Posted: Tue 4th Feb 2020

Updated: Wed 26th Feb

Strategic board moves in to troubled secondary school

North Wales news and information
This article is old - Published: Tuesday, Feb 4th, 2020

Troubleshooters will be sent in to help run an Anglesey secondary school following the resignation of its headteacher last week.
Catrin Jones Hughes stepped down from the position at Ysgol Uwchradd Bodedern “following a period of illness” in the same week that concerns were raised that a lack of full-time teachers could affect pupils’ GCSE results.
The school, found by the Welsh Government to be in need of the greatest support and intervention after being colour coded as ‘red’ in the annual school ranking system, will also see a strategic headteacher put in place until a permanent headteacher is appointed.
Emyr Williams will combine his duties with his existing role as the headteacher of Ysgol David Hughes, having started his teaching career at Bodedern.
“As new strategic head teacher, I will ensure that the school’s pupils, especially those sitting their GCSEs and A-Levels this summer, are our main priority,” he said.
“I am, of course, keenly aware of the concerns of both pupils and parents. Working with the Board, we will provide the support needed for Ysgol Uwchradd Bodedern to turn a corner and make tangible progress in driving standards forward.”
The new Strategic Improvement Board begins its work later this month, initially for a year, to work with staff and governors and will include representation from bodies including the Welsh Government, Estyn,  GwE and Anglesey’s Learning Service – who acknowledged it had been a “challenging period” for the school.
Anglesey’s Education portfolio holder, Cillor Meirion Jones, said: “The County Council’s Learning Service and partners have been supporting the school.
“However, these additional steps are being taken to ensure further progress and for the benefit of the pupils.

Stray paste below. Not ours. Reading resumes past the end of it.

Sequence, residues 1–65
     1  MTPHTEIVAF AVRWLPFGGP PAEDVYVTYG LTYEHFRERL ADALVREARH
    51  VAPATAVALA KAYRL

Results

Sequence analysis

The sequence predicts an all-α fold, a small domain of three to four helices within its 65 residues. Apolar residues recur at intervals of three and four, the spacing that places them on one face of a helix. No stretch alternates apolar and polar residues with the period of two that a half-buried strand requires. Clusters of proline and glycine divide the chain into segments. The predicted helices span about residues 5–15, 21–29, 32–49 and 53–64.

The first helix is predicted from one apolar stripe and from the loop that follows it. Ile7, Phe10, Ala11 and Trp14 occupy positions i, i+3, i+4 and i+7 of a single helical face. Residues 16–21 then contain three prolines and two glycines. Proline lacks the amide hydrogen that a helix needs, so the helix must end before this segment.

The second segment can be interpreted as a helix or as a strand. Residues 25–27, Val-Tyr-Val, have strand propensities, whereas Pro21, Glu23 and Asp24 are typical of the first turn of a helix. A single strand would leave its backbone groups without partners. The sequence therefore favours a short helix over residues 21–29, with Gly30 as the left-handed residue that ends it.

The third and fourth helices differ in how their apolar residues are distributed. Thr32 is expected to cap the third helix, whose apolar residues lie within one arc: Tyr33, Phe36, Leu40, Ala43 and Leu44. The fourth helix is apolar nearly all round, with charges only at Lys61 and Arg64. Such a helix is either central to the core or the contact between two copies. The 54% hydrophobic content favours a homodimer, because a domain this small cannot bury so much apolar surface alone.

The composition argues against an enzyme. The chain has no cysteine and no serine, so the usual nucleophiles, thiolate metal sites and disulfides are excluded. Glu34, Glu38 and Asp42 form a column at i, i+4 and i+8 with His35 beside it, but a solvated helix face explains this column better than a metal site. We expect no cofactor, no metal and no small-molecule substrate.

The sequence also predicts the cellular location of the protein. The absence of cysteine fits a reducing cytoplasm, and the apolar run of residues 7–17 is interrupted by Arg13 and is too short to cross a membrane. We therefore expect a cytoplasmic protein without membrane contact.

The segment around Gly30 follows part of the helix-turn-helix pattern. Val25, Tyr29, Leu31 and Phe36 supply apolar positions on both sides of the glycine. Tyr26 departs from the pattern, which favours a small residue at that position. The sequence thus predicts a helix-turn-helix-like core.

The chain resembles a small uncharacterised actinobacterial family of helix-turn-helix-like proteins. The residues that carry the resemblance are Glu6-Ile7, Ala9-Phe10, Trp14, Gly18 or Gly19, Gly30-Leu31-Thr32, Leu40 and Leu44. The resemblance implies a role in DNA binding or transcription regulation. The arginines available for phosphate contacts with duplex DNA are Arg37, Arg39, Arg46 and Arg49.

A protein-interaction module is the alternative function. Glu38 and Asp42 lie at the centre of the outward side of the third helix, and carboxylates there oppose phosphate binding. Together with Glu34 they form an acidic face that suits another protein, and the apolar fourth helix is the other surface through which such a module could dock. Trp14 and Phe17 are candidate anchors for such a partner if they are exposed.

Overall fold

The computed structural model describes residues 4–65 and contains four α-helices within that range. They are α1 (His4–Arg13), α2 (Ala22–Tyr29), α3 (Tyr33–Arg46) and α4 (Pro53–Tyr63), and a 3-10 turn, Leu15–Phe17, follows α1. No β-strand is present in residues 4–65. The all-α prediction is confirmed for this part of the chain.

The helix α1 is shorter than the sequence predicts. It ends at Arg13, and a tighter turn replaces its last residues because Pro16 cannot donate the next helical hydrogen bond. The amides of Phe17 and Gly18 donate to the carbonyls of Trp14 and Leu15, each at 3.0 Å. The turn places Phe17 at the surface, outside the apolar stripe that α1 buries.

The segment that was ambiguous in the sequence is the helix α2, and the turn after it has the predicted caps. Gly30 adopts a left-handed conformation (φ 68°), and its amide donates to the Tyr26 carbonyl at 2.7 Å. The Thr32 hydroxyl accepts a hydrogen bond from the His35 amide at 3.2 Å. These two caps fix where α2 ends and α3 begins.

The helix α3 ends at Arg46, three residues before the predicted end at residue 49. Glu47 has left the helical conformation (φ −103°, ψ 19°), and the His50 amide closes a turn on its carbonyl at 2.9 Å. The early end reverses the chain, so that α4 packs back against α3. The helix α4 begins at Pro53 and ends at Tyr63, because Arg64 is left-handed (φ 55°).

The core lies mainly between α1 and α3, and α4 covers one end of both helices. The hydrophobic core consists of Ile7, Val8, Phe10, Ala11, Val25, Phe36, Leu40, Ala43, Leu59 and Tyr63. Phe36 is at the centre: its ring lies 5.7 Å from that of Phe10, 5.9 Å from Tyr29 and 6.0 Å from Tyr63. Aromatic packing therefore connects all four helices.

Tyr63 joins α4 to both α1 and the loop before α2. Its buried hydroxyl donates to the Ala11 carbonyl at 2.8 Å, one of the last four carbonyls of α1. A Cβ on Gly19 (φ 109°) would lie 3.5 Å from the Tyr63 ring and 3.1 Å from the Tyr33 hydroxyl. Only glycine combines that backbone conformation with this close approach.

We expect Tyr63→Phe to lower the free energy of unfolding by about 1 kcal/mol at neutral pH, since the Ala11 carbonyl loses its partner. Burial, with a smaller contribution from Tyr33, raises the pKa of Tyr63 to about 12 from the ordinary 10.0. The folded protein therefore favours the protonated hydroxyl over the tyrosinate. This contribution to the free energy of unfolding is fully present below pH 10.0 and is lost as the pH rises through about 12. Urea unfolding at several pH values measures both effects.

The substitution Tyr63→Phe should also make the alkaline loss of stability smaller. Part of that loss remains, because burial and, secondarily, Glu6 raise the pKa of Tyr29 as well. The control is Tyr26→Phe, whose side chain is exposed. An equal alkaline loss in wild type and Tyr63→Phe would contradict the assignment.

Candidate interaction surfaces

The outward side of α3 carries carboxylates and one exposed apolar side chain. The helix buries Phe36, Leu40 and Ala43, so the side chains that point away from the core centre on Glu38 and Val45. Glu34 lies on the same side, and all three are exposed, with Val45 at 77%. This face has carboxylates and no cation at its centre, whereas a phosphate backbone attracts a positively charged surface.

“We feel that the support of a strategic head teacher and Board is the best way forward at Ysgol Uwchradd Bodedern.”
“The decision was not taken lightly and is in the best interests of pupils and staff. Both Emyr Williams and the Board will work with and support the Governing Body and Senior Leadership Team – providing additional expert leadership and management guidance.
“I believe that we will make progress by working closely together.”
According to Anglesey council, the Board will provide the “experience and expertise needed to help achieve sustained improvement” and will ultimately be answerable to Welsh government with progress reviewed after each term.
He added: “The decision was not taken lightly and is in the best interests of pupils and staff. Both Emyr Williams and the Board will work with and support the Governing Body and Senior Leadership Team – providing additional expert leadership and management guidance.
“I believe that we will make progress by working closely together.”
The latest move comes just days after North Wales Live was contacted by a pupil who, reporting a lack of full-time teachers at the school, had sparked concerns they were going to fail their GCSE exams.
While last year saw some of the school’s staff release a letter outlining a lack of confidence in the former headteacher, having made a number of complaints  to both Anglesey Council and the board of governors.
With 680 pupils on roll, the school was opened in 1977 with Welsh being the natural medium of instruction.
The school’s governing body has confirmed it will begin the process of recruiting a new permanent headteacher later this week. ‌​‌‌​​​‌‍‌​‌​‌​​​

By Gareth Williams – Local Democracy Reporter ‌​‌‌​​​‌‍‌​‌​‌​​​



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